found ineffective in promoting equal employment opportunities unless the codes of ethics were integrated into organizational daily decision making practice [5]. In employee selection, it is important to understand why among two otherwise equally qualified candidates, hiring managers decide to recommend hiring one over another when such a decision does not conform to ethics principles. It is possible that hiring managers lack consistency in following ethical principles [4] as well as moral sensitivity when making such hiring decisions. For example, in September 2009, the U.S. Department of Justice investigated six technology companies, namely Google, Intel, Intuit, Apple, Adobe, and Pixar for their allegedly covert agreement not to hire or poach one anothers employees. According to the Department of Justice, this practice suppressed free market competition by holding down wages, and therefore was considered unfair. The six companies denied any wrongdoing, but decided to settle the case. Therefore, the question of whether talent poaching was illegal or not was never resolved because the investigation was discontinued and settled in September of 2010 before it went to court [6]. The practice of poaching talent from rival companies is not new and considered one of the fastest ways to gain competitive intelligence. Butterfield et al. [7] surveyed competitive intelligence practitioners using a hiring scenario and a mystery shopping scenario. Butterfield et al. [7] argued that a high degree of competition might blind managers to the moral sensitivity inherent in the hiring situation. In a recent study, upper undergraduate students were asked to play the role of a hiring manager with a choice of hiring an external male candidate who had worked for a rival company and was willing to sell out (hiring this candidate would conform to utilitarian ethics) and an external female candidate (hiring this candidate would conform to justice ethics). Both candidates were otherwise considered equally qualified. Students who chose to hire the external male candidate were found to have a lower level of moral/ethical sensitivity compared to those who chose to hire the external female candidate [8]. In another experimental study, Nguyen [9] found that among two equally qualified candidates, the male candidate is significantly more likely to be selected compared to the female candidate. The results of the above two studies indicate that despite decades of enforcing EEO laws, the impact of such laws on promoting women in the work place remains small. We as business educators may need to do a better job at sensitizing our students who will be future managers about the ethical implications in hiring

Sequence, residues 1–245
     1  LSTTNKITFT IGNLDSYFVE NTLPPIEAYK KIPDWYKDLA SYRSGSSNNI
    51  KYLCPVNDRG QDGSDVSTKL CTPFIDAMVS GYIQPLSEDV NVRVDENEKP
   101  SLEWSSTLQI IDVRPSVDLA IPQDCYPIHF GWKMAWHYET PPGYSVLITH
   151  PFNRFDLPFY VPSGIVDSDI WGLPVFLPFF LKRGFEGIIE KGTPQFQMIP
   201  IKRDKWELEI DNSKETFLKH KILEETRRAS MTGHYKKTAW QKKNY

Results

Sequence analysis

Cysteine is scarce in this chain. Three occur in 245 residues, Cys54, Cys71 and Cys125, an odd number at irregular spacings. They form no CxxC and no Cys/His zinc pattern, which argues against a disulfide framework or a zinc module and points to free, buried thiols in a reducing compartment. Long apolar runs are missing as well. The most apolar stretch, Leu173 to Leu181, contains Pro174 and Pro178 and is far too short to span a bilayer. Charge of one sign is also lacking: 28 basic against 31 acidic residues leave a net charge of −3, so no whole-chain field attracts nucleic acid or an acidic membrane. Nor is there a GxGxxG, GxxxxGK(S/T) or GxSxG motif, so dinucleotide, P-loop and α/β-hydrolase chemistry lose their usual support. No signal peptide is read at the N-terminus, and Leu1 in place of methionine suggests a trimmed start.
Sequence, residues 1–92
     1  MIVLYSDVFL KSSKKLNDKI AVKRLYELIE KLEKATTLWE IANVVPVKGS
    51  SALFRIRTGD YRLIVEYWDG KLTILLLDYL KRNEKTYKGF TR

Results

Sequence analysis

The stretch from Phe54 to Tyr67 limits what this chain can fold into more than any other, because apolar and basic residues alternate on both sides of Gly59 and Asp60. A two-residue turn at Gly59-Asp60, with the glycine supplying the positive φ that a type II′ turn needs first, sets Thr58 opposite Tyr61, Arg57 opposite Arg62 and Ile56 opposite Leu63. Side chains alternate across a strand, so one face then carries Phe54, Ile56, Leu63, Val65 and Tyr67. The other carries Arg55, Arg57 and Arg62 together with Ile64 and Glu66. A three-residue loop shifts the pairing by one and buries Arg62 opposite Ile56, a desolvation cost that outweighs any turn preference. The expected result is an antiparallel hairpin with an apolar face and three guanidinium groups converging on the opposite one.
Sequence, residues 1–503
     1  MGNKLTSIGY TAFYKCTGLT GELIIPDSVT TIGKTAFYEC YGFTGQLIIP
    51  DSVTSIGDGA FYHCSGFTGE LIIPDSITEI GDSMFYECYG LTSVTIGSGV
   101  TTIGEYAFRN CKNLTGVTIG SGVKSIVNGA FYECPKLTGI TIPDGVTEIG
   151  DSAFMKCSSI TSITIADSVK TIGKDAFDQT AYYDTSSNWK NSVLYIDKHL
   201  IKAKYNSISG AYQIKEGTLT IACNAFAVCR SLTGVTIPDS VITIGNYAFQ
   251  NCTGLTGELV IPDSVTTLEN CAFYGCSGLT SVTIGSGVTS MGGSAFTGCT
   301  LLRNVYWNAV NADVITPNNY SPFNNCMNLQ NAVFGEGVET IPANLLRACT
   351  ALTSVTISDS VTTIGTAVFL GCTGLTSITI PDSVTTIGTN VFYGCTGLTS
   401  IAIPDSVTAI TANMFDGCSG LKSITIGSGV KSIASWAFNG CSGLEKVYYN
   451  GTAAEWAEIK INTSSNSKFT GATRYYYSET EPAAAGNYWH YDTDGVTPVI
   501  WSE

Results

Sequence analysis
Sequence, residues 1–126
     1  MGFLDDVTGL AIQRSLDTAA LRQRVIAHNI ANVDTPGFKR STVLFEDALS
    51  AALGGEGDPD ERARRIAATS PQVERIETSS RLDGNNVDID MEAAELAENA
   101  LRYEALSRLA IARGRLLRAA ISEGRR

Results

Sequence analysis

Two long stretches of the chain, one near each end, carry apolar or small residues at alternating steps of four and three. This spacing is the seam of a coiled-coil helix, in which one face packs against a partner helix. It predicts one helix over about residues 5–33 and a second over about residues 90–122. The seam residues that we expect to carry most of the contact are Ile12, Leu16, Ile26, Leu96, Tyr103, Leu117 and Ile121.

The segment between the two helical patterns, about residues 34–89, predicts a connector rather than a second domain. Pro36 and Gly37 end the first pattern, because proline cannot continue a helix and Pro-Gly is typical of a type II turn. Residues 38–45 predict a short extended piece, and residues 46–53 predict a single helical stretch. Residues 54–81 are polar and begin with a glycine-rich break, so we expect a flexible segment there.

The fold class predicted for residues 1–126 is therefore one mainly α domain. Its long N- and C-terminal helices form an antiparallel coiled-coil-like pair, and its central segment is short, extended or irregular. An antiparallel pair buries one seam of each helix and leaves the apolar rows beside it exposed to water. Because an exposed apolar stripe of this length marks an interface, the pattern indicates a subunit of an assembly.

*Corresponding author: Nhung T. Nguyen, Associate professor, Department of Management, College of Business & Economics, Towson University, USA, Tel: 410-7042900; Fax: 410-663-0207; E-mail: Received December 25, 2012; Accepted December 26, 2012; Published December 27, 2012 Citation: Nguyen NT (2013) Ethics in Employee Selection: What You Want to Know but are Afraid to Ask. J Bus & Fin Aff 2:e124. doi:10.4172/2167-0234.1000e124 Copyright: 2013 Nguyen NT. This is an open-access article distributed under the terms of the Creative Commons Attribution License, which permits unrestricted use, distribution, and reproduction in any medium, provided the original author and source are credited.

Volume 2 Issue 1 1000e124

Citation: Nguyen NT (2013) Ethics in Employee Selection: What You Want to Know but are Afraid to Ask. J Bus & Fin Aff 2:e124. doi:10.4172/21670234.1000e124

Page 2 of 2 decisions. This means we need to raise the level of ethical awareness among our students because without ethical awareness, any effort in teaching ethical principles will be futile.
1. Friedman M (1970) The Social Responsibility Of Business Is To Increase Its Profits. The New York Times Magazine, September 13. 2. The Economist (2011) Attitudes to Business: Milton Friedman Goes on Tour. A Survey of Attitudes To Business Turns up Some Intriguing National Differences. January 27. 3. Falkenberg LE, Boland L (1997) Eliminating barriers to employment equity in the Candaian workplace. Journal of Business Ethics 16: 963-975. 4. Light J (2011) Finance and Tech Signal Bold Attitudes on Ethics. The Wall Street Journal, Career section, March 7. 5. Petersen LE, Krings F (2009) Are Ethical Codes of Conduct Toothless Tigers For Dealing With Employment Discrimination? Journal of Business Ethics 85: 501-514. 6. Catan T, Kendall B (2010) September 17. U.S. Tech Probe Nears End, Wall Street Journal (Eastern Edition), p. B.1. Retrieved January 4, 2011, from ProQuest National Newspapers Core. 7. Butterfield KD, Trevio LK, Weaver GR (2000) Moral awareness in business organizations: Influence of issue-related and social context factors. Human Relations 53: 981-1018. 8. Nguyen NT, Basuray MT, Smith WP (2012) Ethics in employee selection: A case for improving awareness. Proceedings of the Institute of Higher EducationThe 7th International Conference Williamsburg, VAMarch 7-9. 9. Nguyen NT (2012) Gender Differences in Social Media Faux Pas in Personnel Selection An Empirical study. Paper presented at the 26th Annual Conference of the Australian and New Zealand Academy of Management, December 5th 7th Perth: Western Australia.

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Citation: Nguyen NT (2013) Ethics in Employee Selection: What You Want to Know but are Afraid to Ask. J Bus & Fin Aff 2:e124. doi:10.4172/21670234.1000e124

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J Bus & Fin Aff ISSN: 2167-0234 BSFA an open access journal

Volume 2 Issue 1 1000e124